Writers are a brutal sect. We spend our free time inventing new methods of torturing characters, all while cackling like gremlins over the tears of heartbroken readers. “I’m off to kill someone” is a phrase tossed around like a tennis ball in writing communities. To the outside observer, our dark humor may seem psychotic. What normal person beats their brainchildren into a pulp only to quip about it later? Although the jokes are often in poor taste, suffering draws in writers, and readers, for better reasons than mental instability.
“Write what you know!” the experts insist—except in the case of, well, everything, because fiction is inherently composed of lives you’ve never lived. Restricting yourself to personal experiences is impossible, because that will prevent you from showcasing the diversity of humanity. Yet, what if you offend a reader for misunderstanding the challenges she faces?
Many writers, myself included, tend to devalue short stories because of their brevity. “Real” writers are supposed to craft novels. Some of the most famous authors of the twentieth century, however, were masters of the short story. Think William Faulkner, Ray Bradbury, Oscar Wilde, Flannery O’Connor, and O. Henry. At only 5 or 10 percent the length of a novel, a short story may seem far less intimidating, if not downright easy, to write. But short stories come with their own set of challenges that can help hone your skills for larger projects.
If you grew up in the early 2000s, you probably mutilated a daisy at least once to help you guess whether your crush shared your feelings. You’d pluck off the petals one by one, reciting “he loves me” or “he loves me not.” At age nine, I didn’t have a true love, but pretending was fun, and handfuls of daisies met unfortunate ends thanks to my mock indecision. This floral game of roulette is what the enemies-to-lovers trope looks like from afar.
As writers, we love exploring the internal struggles that shape our characters. During formative moments, emotional turmoil may need to take center stage, as with Thomas in Nadine Brandes’ Fawkes. Usually this scene happens near the story’s middle, when everything—including the protagonist—seems to be falling apart. Turning points deserve emphasis; otherwise the deep change in the character’s arc will seem artificial or glossed over.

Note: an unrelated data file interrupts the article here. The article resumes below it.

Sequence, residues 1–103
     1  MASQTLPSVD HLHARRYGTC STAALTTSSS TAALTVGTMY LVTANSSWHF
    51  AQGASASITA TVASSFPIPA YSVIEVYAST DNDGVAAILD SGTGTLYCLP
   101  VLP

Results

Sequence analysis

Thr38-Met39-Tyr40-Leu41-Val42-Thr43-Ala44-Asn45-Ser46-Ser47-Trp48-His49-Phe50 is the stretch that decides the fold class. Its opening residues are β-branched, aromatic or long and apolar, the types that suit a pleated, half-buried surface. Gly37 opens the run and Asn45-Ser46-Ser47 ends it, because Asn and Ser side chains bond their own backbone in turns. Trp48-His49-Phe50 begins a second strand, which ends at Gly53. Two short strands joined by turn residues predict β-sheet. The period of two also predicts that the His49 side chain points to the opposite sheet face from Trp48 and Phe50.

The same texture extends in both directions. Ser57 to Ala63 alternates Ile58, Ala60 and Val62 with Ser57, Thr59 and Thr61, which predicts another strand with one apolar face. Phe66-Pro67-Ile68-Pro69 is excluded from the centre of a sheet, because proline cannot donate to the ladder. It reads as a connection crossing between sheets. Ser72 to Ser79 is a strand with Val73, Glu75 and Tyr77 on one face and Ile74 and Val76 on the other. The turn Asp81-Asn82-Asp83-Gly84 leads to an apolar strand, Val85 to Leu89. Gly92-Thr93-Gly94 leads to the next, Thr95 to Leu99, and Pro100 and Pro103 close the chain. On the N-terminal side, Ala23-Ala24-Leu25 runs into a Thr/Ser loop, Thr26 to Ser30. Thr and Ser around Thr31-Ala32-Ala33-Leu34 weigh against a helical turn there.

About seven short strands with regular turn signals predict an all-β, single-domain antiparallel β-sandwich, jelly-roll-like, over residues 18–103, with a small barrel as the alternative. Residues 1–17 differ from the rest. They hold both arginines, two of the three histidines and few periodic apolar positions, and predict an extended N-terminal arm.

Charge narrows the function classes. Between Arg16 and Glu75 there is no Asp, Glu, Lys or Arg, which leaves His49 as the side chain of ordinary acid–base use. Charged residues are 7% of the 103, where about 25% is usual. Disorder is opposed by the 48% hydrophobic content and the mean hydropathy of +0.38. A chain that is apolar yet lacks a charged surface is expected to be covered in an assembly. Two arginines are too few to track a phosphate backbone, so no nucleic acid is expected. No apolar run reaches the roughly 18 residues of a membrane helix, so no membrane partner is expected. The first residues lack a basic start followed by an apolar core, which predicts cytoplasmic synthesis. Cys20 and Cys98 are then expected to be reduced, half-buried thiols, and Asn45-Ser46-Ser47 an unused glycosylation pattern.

Some books make me feel like I’m Bilbo Baggins, unsuspectingly opening my door to a heap of dwarves tumbling across the threshold. Characters, titles, relationships, and family dynamics zig-zag past my eyes, creating a buzz in my mind as I stumble through crowded scenes. I’ve heard enough names to fill a genealogy, and I’m only on page two.
Kids’ minds are like clay. Everything they see and experience leaves a mark, and for better or for worse, the impression is difficult to remove later. I don’t recall much from my childhood, except the characters who took me on grand adventures. However, a startling amount of elementary and middle-grade fiction promotes damaging ideas—you know, the whole “parents are the worst, kids are smarter than adults, rebellion is cool” schtick. Because stories influence how children perceive the world, we should be especially careful when crafting entertainment aimed at them.
From Dr. Watson to Samwise Gamgee to Jane Bennet, no beloved classic would be as engaging without side characters. They’re the protagonists of untold stories that thrive between the lines. But have beta readers ever confessed that they kept reading your manuscript only to see what happened to a side character? Although the protagonist was present, she fell flat beside her quirkier companion.
Imagine that, for twenty-four hours, you’re limited to the use of half your vocabulary, your awareness of interpersonal subtext dims, and all your skills and strengths revert back to level one. On top of that, you shrink to the height of a hobbit. Carrying out your normal routine would be frustrating, wouldn’t it? But you would still have nearly the same internal experience. Your needs and desires wouldn’t disappear, only your ability to express and achieve those goals.
Who is the best literary villain of all time? Various people would argue that Dracula, Shakespeare’s Richard III, Voldemort, and Sherlock’s rival, Professor Moriarty, are top contenders. But, for me, the answer is clearly Count Olaf from A Series of Unfortunate Events.